m1 m4


N. 33 (2017)

Maurizio Candiotto

Deduzione trascendentale e critica della ragione.
Diritti dell’intelletto, diritto della ragione

PP. 259-284

1. Elenchos, p. 259; 2. Deductio et deducendum, p. 262; 3. Phaenomena, p. 266; 4. Funzione regolativa e fallibilità. Ragione e intelletto, p. 269; 5. Deductio ipsa ratio, p. 271; 6. Pensare il possibile senza pensare alla mente, p. 275; 7. La riflessione e la sua critica, p. 280.

Transcendental deduction and Critique of reason.
Rights of the intellect, rights of the reason

The transcendental deduction in the
Critique of Pure Reason is – far beyond the mere analysis of a historical datum such the modern mathematical science of nature – a strong, skeptic-reistant argument. In order to justify the claim of validity raised for our aprioric knowledge, i.e. for the aprioric and universal element that is present in our empirical knowledge (vs. mere perception), the critical philosopher must address the very conditions of thought. Kant turns from his initial question ‘How is it possible to know? How is knowledge legitimate?’ to the even deeper question ‘How is it possible to think? How can thinking be performed at all?’. This can be seen in the text of the first edition (1781), where subjective deduction results into an objective deduction by virtue of its own achievement; however, the result of that inquiry is handed down to the very second-edition transcendental deduction (1787) and there lingers. A synoptic reading of the two editions is therefore needed and is here attempted.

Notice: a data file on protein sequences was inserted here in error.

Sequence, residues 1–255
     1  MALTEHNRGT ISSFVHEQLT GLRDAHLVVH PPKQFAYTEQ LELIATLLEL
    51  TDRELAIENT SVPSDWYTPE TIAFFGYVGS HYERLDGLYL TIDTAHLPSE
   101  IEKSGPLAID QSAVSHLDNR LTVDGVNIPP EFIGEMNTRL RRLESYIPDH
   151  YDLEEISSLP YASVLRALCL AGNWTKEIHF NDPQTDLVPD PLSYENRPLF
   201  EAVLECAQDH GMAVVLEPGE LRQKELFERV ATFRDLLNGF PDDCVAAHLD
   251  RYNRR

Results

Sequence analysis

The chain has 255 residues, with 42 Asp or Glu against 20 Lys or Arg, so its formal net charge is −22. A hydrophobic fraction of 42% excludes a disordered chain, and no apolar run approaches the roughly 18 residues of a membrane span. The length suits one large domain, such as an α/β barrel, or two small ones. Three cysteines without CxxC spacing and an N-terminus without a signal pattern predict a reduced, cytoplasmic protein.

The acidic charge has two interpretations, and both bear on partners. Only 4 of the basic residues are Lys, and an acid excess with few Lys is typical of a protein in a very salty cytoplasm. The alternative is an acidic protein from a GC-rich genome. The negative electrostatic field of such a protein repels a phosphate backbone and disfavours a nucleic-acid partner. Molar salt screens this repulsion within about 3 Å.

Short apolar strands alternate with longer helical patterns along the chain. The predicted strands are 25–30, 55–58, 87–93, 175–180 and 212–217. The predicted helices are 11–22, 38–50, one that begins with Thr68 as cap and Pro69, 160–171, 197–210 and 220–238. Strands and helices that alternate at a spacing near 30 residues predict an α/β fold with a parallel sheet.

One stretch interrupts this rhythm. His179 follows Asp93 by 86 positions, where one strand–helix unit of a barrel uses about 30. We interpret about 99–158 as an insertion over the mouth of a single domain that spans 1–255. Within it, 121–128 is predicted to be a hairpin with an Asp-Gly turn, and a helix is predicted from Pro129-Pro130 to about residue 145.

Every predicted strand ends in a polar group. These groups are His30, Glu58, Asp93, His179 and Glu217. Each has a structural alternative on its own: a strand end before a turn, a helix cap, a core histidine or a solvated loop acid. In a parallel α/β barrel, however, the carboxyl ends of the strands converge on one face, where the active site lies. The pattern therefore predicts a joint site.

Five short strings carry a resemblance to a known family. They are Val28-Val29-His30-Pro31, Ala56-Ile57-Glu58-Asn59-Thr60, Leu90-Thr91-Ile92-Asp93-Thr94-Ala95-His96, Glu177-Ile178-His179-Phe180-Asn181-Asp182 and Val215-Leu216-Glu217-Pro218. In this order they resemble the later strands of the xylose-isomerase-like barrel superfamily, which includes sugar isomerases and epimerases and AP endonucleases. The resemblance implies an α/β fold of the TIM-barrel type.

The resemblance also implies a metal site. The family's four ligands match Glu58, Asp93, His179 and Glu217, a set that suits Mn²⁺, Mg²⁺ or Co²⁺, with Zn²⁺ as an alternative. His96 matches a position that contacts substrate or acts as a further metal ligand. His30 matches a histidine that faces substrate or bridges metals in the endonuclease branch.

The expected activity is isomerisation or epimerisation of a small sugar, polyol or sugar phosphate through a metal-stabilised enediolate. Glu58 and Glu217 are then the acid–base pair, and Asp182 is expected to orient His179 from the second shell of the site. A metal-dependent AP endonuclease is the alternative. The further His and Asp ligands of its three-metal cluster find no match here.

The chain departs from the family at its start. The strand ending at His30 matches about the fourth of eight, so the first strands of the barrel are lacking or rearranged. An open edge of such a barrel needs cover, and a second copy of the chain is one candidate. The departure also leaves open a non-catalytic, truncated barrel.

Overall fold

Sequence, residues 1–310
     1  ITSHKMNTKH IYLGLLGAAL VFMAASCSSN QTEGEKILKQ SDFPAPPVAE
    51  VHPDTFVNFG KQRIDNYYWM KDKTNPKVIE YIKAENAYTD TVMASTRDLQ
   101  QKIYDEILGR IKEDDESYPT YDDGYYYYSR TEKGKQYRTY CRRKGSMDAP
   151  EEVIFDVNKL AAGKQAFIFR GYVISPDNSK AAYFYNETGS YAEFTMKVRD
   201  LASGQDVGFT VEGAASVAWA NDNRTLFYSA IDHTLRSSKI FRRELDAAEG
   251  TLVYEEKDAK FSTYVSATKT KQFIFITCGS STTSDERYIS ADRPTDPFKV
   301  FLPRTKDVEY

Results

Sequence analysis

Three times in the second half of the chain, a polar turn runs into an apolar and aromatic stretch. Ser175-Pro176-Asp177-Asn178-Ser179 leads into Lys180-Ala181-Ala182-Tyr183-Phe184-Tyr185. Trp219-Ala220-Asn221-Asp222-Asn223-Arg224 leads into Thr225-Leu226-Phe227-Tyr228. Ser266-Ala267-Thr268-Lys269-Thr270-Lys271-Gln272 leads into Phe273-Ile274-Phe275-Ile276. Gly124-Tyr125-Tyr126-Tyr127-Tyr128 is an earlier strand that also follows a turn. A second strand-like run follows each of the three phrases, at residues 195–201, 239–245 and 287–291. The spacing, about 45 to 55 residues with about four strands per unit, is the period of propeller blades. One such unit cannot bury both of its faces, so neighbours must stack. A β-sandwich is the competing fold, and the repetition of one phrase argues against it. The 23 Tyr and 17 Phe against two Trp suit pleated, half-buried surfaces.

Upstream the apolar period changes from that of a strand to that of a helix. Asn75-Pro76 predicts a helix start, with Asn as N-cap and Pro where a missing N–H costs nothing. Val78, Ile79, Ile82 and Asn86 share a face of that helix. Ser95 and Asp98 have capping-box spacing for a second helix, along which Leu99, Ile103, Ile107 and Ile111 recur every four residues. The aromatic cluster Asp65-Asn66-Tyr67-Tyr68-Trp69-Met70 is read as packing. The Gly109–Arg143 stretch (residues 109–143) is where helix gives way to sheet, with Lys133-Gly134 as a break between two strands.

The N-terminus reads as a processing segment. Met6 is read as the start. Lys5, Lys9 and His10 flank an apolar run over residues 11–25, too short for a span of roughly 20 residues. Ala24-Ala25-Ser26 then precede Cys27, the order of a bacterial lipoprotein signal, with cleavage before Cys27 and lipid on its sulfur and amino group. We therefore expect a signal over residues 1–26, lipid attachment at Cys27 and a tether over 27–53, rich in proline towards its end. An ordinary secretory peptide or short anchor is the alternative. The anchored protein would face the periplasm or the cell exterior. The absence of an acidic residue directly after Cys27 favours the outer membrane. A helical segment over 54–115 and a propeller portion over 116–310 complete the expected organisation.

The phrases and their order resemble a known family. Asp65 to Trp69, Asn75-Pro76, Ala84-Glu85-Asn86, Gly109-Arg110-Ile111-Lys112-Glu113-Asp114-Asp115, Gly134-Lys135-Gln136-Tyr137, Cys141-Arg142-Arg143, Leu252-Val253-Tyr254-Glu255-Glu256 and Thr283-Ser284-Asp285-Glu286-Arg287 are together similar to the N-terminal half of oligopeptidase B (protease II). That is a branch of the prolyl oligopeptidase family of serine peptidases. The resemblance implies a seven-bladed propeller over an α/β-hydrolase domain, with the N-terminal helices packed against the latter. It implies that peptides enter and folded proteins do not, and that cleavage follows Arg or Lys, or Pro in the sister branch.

Keywords: Critique of Pure Reason; Transcendental Argument; Skeptic-resistant; Reason/Understanding; Thought/Knowledge.


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